Whether she's launching her own PR agency, helping others to get the most out of life through unique experiences, or simply teaching a yoga class for some much-needed stress relief, Christina proves that the root of fulfillment begins with fearlessness—and sometimes that means betting on yourself.

Be sure to keep up with Christina and her adventures on Instagram and Twitter.

All images courtesy of Christina Rice

ACLU By ACLUSponsored

Over the past four years, we grew accustomed to a regular barrage of blatant, segregationist-style racism from the White House. Donald Trump tweeted that “the Squad," four Democratic Congresswomen who are Black, Latinx, and South Asian, should “go back" to the “corrupt" countries they came from; that same year, he called Elizabeth Warren “Pocahontas," mocking her belief that she might be descended from Native American ancestors.

But as outrageous as the racist comments Trump regularly spewed were, the racially unjust governmental actions his administration took and, in the case of COVID-19, didn't take, impacted millions more — especially Black and Brown people.

To begin to heal and move toward real racial justice, we must address not only the harms of the past four years, but also the harms tracing back to this country's origins. Racism has played an active role in the creation of our systems of education, health care, ownership, and employment, and virtually every other facet of life since this nation's founding.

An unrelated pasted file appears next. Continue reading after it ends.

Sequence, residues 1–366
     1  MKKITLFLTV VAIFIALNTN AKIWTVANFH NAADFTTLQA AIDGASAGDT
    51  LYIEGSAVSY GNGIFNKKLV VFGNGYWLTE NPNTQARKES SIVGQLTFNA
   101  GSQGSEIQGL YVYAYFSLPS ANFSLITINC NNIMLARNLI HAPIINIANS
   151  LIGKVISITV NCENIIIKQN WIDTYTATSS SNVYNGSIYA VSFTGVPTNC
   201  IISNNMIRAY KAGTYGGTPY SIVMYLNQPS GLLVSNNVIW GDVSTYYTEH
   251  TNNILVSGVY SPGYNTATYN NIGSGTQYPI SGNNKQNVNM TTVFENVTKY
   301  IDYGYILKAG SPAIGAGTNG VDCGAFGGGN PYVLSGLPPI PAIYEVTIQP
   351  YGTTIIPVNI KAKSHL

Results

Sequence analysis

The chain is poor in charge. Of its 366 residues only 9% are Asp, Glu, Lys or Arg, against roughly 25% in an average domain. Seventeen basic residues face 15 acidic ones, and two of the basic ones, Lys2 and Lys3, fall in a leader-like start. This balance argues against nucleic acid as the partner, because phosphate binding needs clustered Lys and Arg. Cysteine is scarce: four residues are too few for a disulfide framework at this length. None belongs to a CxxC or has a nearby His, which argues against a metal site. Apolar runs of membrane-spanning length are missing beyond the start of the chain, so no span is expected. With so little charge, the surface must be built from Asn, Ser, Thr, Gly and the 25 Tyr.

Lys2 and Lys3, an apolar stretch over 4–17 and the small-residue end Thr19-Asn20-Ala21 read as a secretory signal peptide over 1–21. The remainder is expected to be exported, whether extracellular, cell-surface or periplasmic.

Our history has shown us that it's not enough to take racist policies off the books if we are going to achieve true justice. Those past policies have structured our society and created deeply-rooted patterns and practices that can only be disrupted and reformed with new policies of similar strength and efficacy. In short, a systemic problem requires a systemic solution. To combat systemic racism, we must pursue systemic equality.

What is Systemic Racism?

A system is a collection of elements that are organized for a common purpose. Racism in America is a system that combines economic, political, and social components. That system specifically disempowers and disenfranchises Black people, while maintaining and expanding implicit and explicit advantages for white people, leading to better opportunities in jobs, education, and housing, and discrimination in the criminal legal system. For example, the country's voting systems empower white voters at the expense of voters of color, resulting in an unequal system of governance in which those communities have little voice and representation, even in policies that directly impact them.

Systemic Equality is a Systemic Solution

In the years ahead, the ACLU will pursue administrative and legislative campaigns targeting the Biden-Harris administration and Congress. We will leverage legal advocacy to dismantle systemic barriers, and will work with our affiliates to change policies nearer to the communities most harmed by these legacies. The goal is to build a nation where every person can achieve their highest potential, unhampered by structural and institutional racism.

To begin, in 2021, we believe the Biden administration and Congress should take the following crucial steps to advance systemic equality:

Voting Rights